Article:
One of the most enduring and favorite American musicals is Oklahoma!, first performed in 1943 (See:!). It was turned into a wonderful 1955 film starring, among others, Shirley Jones, Gordon MacRae, and Rod Steiger (See:!#1955_film_adaptation). In 1943, a timeframe when women were being empowered in the war effort and went to work, the plot was rather shocking, as the main character, Laurey, is the victim of a predatory male who wishes to sexually assault her. In the nick of time, she is rescued from the sexual assault. The Rogers and Hammerstein score is superb, and anyone who has seen one of many stage productions or the film, knows the many popular songs, including how to spell Oklahoma: O-K-L-A-H-O-M-A! Let’s not forget “Oh What A Beautiful Morning” and “Surrey with a Fringe On Top”. Even people who hate musicals love this one: There is no bad number in the production. So there’s no doubt that there is a warm, fuzzy feeling when Americans think of the state of Oklahoma.

It’s important to note that the musical, Oklahoma! was particularly popular because it resonated with female audiences who were often targets of sexual predatory behaviors. The play and film delivered moral rescue from a desperate situation, which culminated in “Poor Jud is Dead” (officially spelled “Poor Jud is Daid” – to maximize the accent). Although the villain, Jud, got what was coming to him, there was also audience empathy for him. He was lonely; he had an unrequited, burning attraction to Laurey, and didn’t know how to curtail it.

Unfortunately all our warm, fuzzy feelings about the State of Oklahoma were ruined this month, as news of an ethically egregious proposed House Bill 1441 — a proposed abortion law with a “fringe on top” — was reported to have advanced in the Oklahoma State Legislature. This Bill upends the woman-friendly plot of the musical, Oklahoma!

House Bill 1441 will require a pregnant woman in Oklahoma to seek written consent and permission of the father to approve any abortion; she would need to name the father, and if the father contested, he could opt for a paternity test.



The requirement to name the father is, of course, fraught with psychosocial risks and harms – including to the father, who may be married to someone else. What if it’s a highly secretive (yet consensual) affair?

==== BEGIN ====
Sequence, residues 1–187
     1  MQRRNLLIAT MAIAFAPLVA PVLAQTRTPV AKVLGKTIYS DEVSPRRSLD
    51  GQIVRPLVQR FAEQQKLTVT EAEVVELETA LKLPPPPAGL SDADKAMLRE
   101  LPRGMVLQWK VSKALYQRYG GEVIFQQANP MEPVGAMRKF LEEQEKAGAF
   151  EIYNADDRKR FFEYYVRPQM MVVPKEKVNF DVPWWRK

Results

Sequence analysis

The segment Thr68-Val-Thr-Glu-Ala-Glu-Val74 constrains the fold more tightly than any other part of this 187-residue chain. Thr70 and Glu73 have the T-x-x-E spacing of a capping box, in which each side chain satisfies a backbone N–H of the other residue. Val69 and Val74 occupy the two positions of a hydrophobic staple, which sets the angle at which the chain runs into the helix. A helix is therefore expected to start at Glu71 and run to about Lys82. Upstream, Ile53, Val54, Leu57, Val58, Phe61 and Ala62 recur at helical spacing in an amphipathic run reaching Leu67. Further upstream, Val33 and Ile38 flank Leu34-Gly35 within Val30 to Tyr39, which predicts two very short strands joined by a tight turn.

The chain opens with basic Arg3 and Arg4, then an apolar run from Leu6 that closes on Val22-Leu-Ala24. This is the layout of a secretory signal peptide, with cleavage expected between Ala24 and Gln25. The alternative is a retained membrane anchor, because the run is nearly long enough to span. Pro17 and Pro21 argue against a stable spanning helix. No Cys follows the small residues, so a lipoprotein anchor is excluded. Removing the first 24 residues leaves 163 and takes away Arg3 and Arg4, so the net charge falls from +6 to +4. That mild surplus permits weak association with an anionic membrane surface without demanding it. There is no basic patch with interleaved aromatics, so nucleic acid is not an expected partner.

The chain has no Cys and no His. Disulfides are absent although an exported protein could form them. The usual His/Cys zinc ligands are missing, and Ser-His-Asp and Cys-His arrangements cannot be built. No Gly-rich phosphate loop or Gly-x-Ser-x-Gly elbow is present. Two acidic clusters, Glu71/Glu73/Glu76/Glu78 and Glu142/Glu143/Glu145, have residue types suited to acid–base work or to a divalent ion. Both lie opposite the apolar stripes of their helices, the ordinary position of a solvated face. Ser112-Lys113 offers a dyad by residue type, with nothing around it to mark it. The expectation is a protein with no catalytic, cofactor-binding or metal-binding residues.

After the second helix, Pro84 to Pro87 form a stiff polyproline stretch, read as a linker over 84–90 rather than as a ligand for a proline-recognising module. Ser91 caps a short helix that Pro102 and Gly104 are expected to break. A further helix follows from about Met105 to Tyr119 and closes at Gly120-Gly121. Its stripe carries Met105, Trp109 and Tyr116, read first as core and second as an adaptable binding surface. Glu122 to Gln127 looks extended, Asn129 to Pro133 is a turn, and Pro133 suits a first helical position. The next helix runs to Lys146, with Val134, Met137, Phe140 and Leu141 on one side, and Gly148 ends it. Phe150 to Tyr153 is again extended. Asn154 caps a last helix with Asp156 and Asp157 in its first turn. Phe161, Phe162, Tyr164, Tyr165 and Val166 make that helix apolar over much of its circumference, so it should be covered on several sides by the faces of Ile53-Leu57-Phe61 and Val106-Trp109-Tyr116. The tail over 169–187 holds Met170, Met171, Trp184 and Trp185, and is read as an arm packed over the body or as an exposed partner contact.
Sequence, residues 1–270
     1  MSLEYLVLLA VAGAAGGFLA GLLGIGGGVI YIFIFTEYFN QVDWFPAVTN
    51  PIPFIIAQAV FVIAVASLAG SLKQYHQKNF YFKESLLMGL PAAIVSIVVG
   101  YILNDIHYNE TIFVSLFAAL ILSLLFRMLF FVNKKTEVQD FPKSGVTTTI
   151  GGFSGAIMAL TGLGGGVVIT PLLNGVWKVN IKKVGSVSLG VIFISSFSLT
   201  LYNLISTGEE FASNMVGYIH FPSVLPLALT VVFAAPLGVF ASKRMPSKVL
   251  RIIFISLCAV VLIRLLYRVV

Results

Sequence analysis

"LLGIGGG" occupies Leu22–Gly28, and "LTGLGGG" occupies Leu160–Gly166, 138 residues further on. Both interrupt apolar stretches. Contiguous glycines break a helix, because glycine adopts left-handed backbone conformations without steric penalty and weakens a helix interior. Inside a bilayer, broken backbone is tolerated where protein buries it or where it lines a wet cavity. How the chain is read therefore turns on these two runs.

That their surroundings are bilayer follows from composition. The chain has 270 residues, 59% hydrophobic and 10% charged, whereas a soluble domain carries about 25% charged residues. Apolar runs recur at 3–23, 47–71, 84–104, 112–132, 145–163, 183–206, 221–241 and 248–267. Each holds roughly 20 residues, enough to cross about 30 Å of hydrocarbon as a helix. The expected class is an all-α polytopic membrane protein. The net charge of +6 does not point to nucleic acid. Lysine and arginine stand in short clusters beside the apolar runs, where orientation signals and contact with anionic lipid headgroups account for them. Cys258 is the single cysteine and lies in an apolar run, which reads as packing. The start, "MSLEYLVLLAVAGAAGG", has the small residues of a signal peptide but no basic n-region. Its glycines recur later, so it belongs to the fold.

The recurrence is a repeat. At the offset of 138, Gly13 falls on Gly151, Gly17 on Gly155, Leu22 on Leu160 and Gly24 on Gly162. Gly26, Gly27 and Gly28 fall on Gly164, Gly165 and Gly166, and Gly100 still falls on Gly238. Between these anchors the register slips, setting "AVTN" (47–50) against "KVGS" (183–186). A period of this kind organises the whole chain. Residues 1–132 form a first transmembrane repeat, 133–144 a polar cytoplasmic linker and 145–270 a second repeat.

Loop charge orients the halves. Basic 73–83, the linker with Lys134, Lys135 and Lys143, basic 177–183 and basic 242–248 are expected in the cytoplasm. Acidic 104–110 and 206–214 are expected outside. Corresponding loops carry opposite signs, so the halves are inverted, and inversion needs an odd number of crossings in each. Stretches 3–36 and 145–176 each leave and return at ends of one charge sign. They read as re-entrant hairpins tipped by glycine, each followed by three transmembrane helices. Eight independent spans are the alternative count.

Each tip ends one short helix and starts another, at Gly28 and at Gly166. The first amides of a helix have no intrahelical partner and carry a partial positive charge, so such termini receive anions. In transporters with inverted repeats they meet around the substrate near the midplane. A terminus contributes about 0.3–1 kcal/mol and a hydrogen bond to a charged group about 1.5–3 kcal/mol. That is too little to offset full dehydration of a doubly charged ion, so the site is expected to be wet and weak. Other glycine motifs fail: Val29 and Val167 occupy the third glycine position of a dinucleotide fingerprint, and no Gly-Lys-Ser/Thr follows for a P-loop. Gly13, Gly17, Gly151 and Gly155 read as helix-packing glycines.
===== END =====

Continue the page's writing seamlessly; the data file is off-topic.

In many states, including mine (Kentucky), we don’t legally recognize the rights of “baby daddies” who are not legally married to the patient. We don’t recognize them as legal surrogates, nor do we allow them to be surrogates for neonatal patients. At many hospitals, paternity tests are not routinely offered, either. Thus, access to a paternity test could be a problem for a father who feels wrongly named; and finding access could be an additional undue burden.

Bill 1441 does provide an exemption in cases of rape, incest, or when the mother’s health is at stake. This is still problematic as there can be different interpretations of what constitutes “rape”; it’s unclear whose perception of rape would be accepted should this Bill ever become law, as perpetrators could argue it was all perfectly consensual and the woman was just a “girl who can’t say No”. What about cases of domestic violence rape? In such cases, “people will say they’re in love”. But in reality, violence may increase or be triggered by an unintended pregnancy.

This proposed law is unconstitutional, which even its author, Representative Justin Humphrey, concedes. It is also unethical, misogynistic, and logistically impossible. The Bill’s author also stated that prevention of pregnancy is the “responsibility of the woman”. That may be difficult in States where contraception is not taught or accessible. Oklahoma, in fact, has a terrible record with respect to teaching about contraception and making it accessible (see:

It is self-evident that a woman has the right to make decisions about her body; she is not simply a “host” for the fetus, as the Bill’s sponsor states. She is an American citizen with civil rights; as a legal person, her rights “trump” an unborn, potential person with no legal status. A 1992 Pennsylvania law with similar overtones was struck down by the Supreme Court for these reasons. A pregnant patient and her fetus are a single biological entity pre-viability in which the practitioner’s ethical obligations are owed to the mother unless she presents her fetus as a patient. There is virtually no court that would hold that a capacitated pregnant woman does not have the constitutional right to make medical decisions for herself. From a bioethics perspective this proposed law completely violates the Principle of Autonomy and Respect for Persons.

As another song from Oklahoma! goes: “It’s a Scandal and an Outrage!”